Susan: I think perhaps I just kind of fell into it a little bit. I actually had no thoughts of even going into law. Wound up going to the Cornell Industrial and Labor Relations program. That’s a program at Cornell and that focuses on … employment and business issues, including learning about things like economics and psychology … it’s interesting … I tell people a lot that my work here is sort of half law, half psychology and it’s always been sort of interesting to me. I get to spend a lot of time talking to companies who really do want to do the right thing, and really just shaping their policies and procedures. ... When I do harassment avoidance training, it’s interesting, it has sort of changed and become more interactive over the past couple years since #MeToo. People have, whether it’s a selfish interest, or whatever, it's definitely become more of a discussion … which is really great. So there's just so many aspects of what I do that just feel like more than being just a lawyer.

Laurie: Well let's talk about harassment because I think for most companies – sexual harassment training – it's mandatory. At least from what I've seen, it's conducted all over the place and so that's good, but I think the things that we're reading about from the pandemic – it hasn’t been fantastic for women, in particular, in professional careers, and sexual harassment is becoming more of an issue. The #MeToo movement, which has many different sides to it – it’s great to hear you say that that’s going to be getting more attention. Let’s talk about sexual harassment. What are you seeing and do you think companies are doing a good job and … they're bright line issues, which I think we can all understand, but the more subtle issues is when something becomes sexual harassment and what can women do, in particular, to avoid these issues?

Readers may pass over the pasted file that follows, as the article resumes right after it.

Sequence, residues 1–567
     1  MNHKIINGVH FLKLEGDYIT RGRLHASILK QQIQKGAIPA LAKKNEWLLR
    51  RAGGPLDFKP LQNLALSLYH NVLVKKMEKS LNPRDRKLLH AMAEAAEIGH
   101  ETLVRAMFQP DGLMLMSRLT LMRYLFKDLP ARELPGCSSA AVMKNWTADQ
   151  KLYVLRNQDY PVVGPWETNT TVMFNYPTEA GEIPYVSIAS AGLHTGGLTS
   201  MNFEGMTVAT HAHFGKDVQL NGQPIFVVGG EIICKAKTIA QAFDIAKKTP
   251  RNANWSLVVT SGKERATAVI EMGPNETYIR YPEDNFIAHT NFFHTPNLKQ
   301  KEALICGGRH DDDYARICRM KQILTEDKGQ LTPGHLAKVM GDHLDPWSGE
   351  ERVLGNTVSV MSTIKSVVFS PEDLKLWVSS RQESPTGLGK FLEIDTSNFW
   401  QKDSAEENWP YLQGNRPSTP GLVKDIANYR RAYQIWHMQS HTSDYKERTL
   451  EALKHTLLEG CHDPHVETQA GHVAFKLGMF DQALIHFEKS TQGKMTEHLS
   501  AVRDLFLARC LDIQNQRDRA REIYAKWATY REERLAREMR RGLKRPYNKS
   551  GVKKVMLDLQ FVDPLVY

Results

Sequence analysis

Susan: I do think that people are taking this more seriously. People are making more complaints in the workplace. I think the newer generations are less shy about bringing something up when something is bothering them. And companies really are trying to sort of address these things as they come up. It’s interesting, I was doing sexual harassment training this morning as a matter of fact, and somebody raised the question, and said … “Are there any obligations for people who just, kind of, are there and are seeing harassment go on. What should they do?”…

Susan: I said that’s a great question … “Managers on the one hand really do have an obligation to address it because once they see harassment going on they really are on notice. But with respect to everybody else, it’s interesting. The EEOC, back in 2016, right before the #MeToo movement, they came out with this big diatribe on addressing sexual harassment in the workplace and one of the things that they suggested in there, which is really a very good idea, and New York City has now required that to be part of its mandatory training, is being a good bystander. They call it “bystander intervention.” And this is basically something that was borrowed from another unfortunate circumstance, which is rape on college campuses, where people would just, sort of, sit back and say, “not my problem, I'm not getting involved,” and that’s obviously the wrong answer. So it's been extrapolated now to the workplace and people are being encouraged through this training to address these issues, to support a victim when something inappropriate happens. To say, “Hey, I’ll head down to human resources with you, do you need help?” Or, “Look, if you’re not ready to complain now, just know that I was a witness to that, and I’m happy to be your witness should you make a complaint later.” Or to … shame the wrong doer for engaging in the bad behavior. So there’s definitely more of a conversation about it today, then there really has been before.